Blair wants britons back
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Fri 11 Jul 2003
Blair tells Bush: Send the British al-Qaeda suspects back for trial
JASON BEATTIE CHIEF POLITICAL CORRESPONDENT
TONY Blair is to press for the repatriation of the two British al-Qaeda suspects held at Guantanamo Bay when he meets George Bush next week, in an effort to defuse the most serious transatlantic rift since the end of the Iraq war.
The Prime Minister will raise the issue personally with the United States president in Washington, Downing Street said yesterday.
The two British suspects at the camp are due to be tried by a military commission, directly appointed by Mr Bush and without access to basic standards of justice.
With more than 160 MPs, mostly Labour, protesting at the summary justice, Mr Blair was caught between mollifying back-benchers or offending his closest international ally.
The Prime Minister has so far adopted a diplomatic silence on the matter, but Downing Street indicated yesterday that he will now raise the fate of the British detainees at next week’s meeting. The government has previously refused to intervene on behalf of the "British Taleban" - Feroz Abbasi, of Croydon, and Moazzam Begg, from Birmingham, who have been held at the US military base in Guantanamo Bay, Cuba, for more than a year.
The two Britons are among six al-Qaeda suspects whom Mr Bush has designated for trial by a US military court. If found guilty, they could face the death penalty.
With the issue threatening to provoke further divisions within the Labour Party, Downing Street made clear the British government had "strong reservations" about the use of a military commission which would see the trial conducted behind closed doors with the suspects defended by a lawyer hand-picked by the US military.
Jack Straw, the Foreign Secretary, has spoken twice in the last week to his counterpart, Colin Powell, to make representations about the means of justice, which the British believe will not try the suspects humanely, and the prospect of them facing the death penalty if found guilty.
"We have made clear to the United States that the detainees should be treated humanely," said the Prime Minister’s official spokesman. "We have also got strong reservations about military commissions and those reservations have been raised and will continue to be raised with the US at various levels."
The spokesman denied that David Blunkett, the Home Secretary, had rejected an offer by the US to repatriate the two men if the British could guarantee they would stand trial.
It is the latest in a number of issues to unsettle the "special relationship" between London and Washington and could take the gloss off a gala reception for the Prime Minister when he becomes one of the few overseas leaders to receive the Congressional Medal of Honor for his support for the US over Iraq.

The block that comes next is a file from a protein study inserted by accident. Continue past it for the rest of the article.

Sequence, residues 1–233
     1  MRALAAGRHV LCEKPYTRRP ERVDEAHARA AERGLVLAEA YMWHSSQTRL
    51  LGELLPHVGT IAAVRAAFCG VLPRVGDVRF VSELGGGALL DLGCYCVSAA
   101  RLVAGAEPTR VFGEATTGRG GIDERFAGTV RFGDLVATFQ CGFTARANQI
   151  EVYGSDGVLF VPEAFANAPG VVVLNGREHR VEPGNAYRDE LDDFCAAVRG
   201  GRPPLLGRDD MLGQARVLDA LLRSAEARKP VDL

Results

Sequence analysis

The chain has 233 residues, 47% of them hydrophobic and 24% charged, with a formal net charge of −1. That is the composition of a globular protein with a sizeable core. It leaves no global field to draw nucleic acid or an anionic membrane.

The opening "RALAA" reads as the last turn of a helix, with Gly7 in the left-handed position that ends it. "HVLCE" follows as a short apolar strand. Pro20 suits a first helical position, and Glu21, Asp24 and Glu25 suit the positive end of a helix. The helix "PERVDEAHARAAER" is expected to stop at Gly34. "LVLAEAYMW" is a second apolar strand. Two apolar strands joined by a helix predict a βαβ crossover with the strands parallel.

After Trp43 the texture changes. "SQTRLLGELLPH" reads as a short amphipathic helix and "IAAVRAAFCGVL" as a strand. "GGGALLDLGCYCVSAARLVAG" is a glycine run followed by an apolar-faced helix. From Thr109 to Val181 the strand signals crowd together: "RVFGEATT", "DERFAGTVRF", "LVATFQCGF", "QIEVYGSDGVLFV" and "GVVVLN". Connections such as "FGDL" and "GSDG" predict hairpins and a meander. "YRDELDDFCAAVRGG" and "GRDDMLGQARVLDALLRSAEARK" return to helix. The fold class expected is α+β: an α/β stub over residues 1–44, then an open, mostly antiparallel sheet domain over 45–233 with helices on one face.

A Downing Street official said negotiations on Guantanamo were being conducted in a mature manner, but admitted: "The US have their views and we have ours. We have repeatedly said this is a highly unusual and difficult situation and obviously we would want to bring an end to it as swiftly as possible."
Menzies Campbell, the Liberal Democrat spokesman on foreign affairs, said Mr Blair must make a personal plea.
"This is not a minor argument about procedure," he said. "This is an issue of fundamental principle. The United States has effectively rendered these British citizens stateless. They are in legal no-man’s land. They enjoy no protection under any national legal system and are subject to the arbitrary judgment of the US administration."
In addition to differences over Guantanamo, the close relationship forged by Mr Blair and Mr Bush is in danger of unravelling in the face of growing sceptism over whether Saddam Hussein’s weapons of mass destruction will be found. There is increasing frustration in Britain that the White House and the Pentagon have undermined Downing Street’s defence of its intelligence-gathering operation by refusing to stand by the claim that Iraq tried to buy uranium from Africa for a nuclear weapons programme.
In another setback for Mr Blair, Donald Rumsfeld, the US defence secretary, raised doubts about whether No 10 had exaggerated the threat posed by Saddam by conceding the US had "no dramatic evidence" about Iraq’s weapons of mass destruction before the war.
Downing Street yesterday shifted its position by downgrading claims that chemical or biological missiles will be found, saying the Iraq Survey Group may only turn up evidence of "products" linked to the weapons.
There was evidence in the US yesterday of the mounting cost of war, as Mr Rumsfeld said the US was paying $3.9 billion a month to keep its forces in Iraq, almost double the $2 billion estimate.
General Tommy Franks, the wartime commander in Iraq, who stepped down on Monday, conceded US troops could be in the country for up to four years.